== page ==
Environmentalists and urban planners are on the run in Alabama as the state becomes the first to pass legislation banning Agenda 21, and all that entails. Tea Party types are ecstatic:
Defined these days as “sustainable development,” Agenda 21 seeks to transform humanity with “new global ethics.” At the most basic level, beyond the soft words like “sustainability” and “eco-friendly environments”, Agenda 21 takes away private property ownership, single-family homes, private car ownership, individual travel choices, and privately owned farms.
Other sites note that "Production, education, consumption, individual rights, and even people’s thoughts will all be targeted under the global plan to create a so-called “green economy." But Alabama is now safe from the threat.
This bill, that would bar the state from taking over private property without due process, is intended to shelter Alabamians from the United Nations Agenda 21, a sustainable development initiative that some conservatives see as a precursor for the creation of a world government,” explained Alabama GOP Executive Director T.J. Maloney when announcing that it had been signed into law.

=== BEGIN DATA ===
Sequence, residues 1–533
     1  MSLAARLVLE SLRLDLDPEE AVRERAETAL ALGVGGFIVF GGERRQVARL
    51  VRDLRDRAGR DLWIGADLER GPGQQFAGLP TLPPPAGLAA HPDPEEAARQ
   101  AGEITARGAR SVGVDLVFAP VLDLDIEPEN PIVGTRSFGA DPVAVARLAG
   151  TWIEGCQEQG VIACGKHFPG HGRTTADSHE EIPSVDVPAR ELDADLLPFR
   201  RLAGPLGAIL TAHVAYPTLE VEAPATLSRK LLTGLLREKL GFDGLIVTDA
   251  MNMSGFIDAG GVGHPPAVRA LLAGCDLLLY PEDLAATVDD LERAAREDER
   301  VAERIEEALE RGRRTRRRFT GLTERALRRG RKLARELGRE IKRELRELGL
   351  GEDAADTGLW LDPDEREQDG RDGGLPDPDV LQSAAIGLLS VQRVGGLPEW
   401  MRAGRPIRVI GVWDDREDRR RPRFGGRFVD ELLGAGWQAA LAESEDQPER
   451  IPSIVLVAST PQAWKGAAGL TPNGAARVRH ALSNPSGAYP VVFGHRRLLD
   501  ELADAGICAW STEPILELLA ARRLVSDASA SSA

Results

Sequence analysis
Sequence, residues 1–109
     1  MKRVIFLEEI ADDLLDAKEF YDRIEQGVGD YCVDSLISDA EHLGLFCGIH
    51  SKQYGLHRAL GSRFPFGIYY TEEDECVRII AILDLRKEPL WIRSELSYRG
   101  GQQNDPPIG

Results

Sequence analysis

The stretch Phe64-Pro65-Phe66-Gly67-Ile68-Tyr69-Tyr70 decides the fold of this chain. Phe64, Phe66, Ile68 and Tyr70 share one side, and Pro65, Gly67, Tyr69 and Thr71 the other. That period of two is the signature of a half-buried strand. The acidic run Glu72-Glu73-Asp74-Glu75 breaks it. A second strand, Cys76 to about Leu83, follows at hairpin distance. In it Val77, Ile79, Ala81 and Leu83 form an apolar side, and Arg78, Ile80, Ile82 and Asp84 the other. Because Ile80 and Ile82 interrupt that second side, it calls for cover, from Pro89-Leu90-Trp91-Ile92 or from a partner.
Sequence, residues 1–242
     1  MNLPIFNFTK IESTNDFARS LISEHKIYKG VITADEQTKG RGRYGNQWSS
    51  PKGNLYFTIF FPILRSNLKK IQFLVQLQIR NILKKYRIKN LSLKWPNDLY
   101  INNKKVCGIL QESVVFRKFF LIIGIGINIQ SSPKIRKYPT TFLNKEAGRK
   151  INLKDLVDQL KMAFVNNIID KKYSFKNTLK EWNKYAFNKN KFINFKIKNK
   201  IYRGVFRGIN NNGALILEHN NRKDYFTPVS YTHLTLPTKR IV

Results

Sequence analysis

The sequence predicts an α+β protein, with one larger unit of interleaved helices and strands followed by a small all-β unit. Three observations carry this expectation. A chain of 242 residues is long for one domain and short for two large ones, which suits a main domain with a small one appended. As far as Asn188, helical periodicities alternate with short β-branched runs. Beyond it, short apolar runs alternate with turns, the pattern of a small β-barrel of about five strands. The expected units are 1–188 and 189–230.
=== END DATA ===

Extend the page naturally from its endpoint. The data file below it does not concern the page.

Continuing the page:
The wording of the Alabama legislation acts to "bar the state from taking over private property without due process," which is pretty vague. But no doubt every proposal for smart growth, transit, higher density housing, heritage preservation, wetlands or forest preservation, shoreline preservation or environmental protection will now be bogged down in Alabama and challenged as part of the Agenda 21. Let's toss in birth control as well.
But hey, as one jubilant Agender reminds us of the words of Ayn Rand, “The evil of the world is made possible by nothing but the sanction you give it.”
Over at Huffpo, Andrew Reinbach writes a great summary of the Agenda 21 issue and its roots in the John Birch Society. I have called it the right wing "theory of everything"; Reinbach calls it "a sort of grab-bag for fringe ideas."
The JBS goal, after all, is smaller government and to the extent attempts at comprehensive land use planning and sustainability initiatives are frustrated, abandoned, or scaled back, while its followers are kept engaged and recruits filter in, it's succeeding, and sticking to what's proven to be a successful strategy -- one that brought it from near-extinction in the 1960s to being a major, if unacknowledged, influence in American politics today.
Don't count them out.